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The newspaper of The Johns Hopkins University September 26, 2005 | Vol. 35 No. 4
Exhibitions Celebrate Architectural Splendor of Homewood

In 1939, 'Good Housekeeping' offered plans for three versions of Homewood House, including this 'inexpensive' one.

By Abby Lattes
Historic Houses

Details, details, details. Over the past two years, every inch of Homewood, inside and out, has been photographed, measured, documented and drawn as part of an exhaustive Historic American Buildings Survey. The findings about this National Historic landmark on the Johns Hopkins Homewood campus will be shared with the public in the recently opened exhibition Portico, Passage, to Privy: HABS Records Homewood, which will be on display through Nov. 27.

Homewood, built beginning in 1801, was home to Charles Carroll Jr., the son of a Maryland signer of the Declaration of Independence, and his family from 1802 until 1816. Although filled with outstanding period furnishings, the house itself is by far more historically important. Built on a Palladian-inspired five-part plan, Homewood is renowned for its elegant proportions, fine workmanship and materials, and the extravagant detail in all aspects of its construction — from its intricately carved woodwork to its ornate plaster ceiling medallions and cornices. Now considered one of the nation's finest examples of Federal-period architecture, Homewood was opened as a museum by Johns Hopkins in 1987.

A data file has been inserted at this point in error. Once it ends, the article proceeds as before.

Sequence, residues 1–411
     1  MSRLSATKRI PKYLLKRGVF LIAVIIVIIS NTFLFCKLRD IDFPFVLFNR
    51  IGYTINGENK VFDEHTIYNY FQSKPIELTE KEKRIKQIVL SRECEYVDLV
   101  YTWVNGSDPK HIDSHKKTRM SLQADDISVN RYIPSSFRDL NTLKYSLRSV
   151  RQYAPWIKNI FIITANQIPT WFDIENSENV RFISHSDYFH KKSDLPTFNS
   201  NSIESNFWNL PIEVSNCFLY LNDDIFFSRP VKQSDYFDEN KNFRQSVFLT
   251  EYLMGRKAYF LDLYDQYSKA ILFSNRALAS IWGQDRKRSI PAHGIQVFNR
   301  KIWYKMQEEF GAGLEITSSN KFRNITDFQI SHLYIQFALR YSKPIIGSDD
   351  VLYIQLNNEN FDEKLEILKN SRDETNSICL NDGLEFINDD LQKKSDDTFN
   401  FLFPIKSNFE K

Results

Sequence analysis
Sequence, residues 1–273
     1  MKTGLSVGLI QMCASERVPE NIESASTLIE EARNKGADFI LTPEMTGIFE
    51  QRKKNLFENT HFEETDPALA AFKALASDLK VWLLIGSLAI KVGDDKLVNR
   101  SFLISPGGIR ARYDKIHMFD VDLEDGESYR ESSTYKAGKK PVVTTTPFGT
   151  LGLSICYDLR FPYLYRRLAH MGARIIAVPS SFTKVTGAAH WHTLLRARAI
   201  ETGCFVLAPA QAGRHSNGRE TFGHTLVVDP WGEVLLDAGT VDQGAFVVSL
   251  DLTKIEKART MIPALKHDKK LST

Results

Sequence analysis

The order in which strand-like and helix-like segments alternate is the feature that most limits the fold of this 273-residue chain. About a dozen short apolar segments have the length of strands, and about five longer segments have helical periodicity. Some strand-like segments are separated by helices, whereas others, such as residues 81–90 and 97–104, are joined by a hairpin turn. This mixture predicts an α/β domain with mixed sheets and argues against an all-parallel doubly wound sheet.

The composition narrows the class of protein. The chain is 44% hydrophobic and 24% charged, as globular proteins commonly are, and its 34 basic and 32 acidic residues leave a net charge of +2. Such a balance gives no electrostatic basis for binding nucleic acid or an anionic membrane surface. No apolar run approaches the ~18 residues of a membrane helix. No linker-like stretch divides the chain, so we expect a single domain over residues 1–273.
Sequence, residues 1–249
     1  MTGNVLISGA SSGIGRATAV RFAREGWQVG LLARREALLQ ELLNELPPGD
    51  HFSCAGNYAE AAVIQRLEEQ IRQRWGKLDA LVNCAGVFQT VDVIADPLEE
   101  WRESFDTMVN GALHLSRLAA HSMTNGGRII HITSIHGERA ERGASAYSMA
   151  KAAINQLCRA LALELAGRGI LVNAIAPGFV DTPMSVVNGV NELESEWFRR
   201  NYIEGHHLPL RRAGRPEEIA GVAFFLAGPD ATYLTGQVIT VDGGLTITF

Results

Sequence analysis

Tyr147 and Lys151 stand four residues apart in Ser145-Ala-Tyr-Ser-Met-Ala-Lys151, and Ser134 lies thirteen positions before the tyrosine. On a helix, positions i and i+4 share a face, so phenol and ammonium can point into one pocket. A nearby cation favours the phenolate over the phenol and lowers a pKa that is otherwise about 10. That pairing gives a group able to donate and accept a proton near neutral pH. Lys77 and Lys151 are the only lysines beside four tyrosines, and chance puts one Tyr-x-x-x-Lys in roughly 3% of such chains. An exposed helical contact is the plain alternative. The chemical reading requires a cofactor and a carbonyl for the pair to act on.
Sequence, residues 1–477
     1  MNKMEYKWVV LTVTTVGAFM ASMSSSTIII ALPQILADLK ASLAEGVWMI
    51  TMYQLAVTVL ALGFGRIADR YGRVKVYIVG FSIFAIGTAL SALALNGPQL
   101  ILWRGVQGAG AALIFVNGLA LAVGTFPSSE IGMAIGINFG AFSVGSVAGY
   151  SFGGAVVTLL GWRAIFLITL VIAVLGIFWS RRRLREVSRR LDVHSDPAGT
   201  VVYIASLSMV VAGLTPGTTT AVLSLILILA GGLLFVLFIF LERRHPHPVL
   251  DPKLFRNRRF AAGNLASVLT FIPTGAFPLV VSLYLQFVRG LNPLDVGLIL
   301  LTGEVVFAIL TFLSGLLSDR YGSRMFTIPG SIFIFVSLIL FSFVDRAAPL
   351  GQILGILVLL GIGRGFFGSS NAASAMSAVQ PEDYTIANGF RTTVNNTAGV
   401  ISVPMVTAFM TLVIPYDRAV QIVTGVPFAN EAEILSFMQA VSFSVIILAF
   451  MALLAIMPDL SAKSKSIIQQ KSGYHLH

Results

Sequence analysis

Catherine Rogers Arthur, curator of Homewood and the current exhibition, said, "Given Homewood's architectural and historical significance, it is appropriate and important that Homewood be documented to the fullest and by the most exacting standards possible."

Portico, Passage, to Privy: HABS Records Homewood shares the survey's critical findings in ways that convey the building's unique beauty and its elegant yet functional architecture while also addressing contemporary issues of historic preservation and the recording process.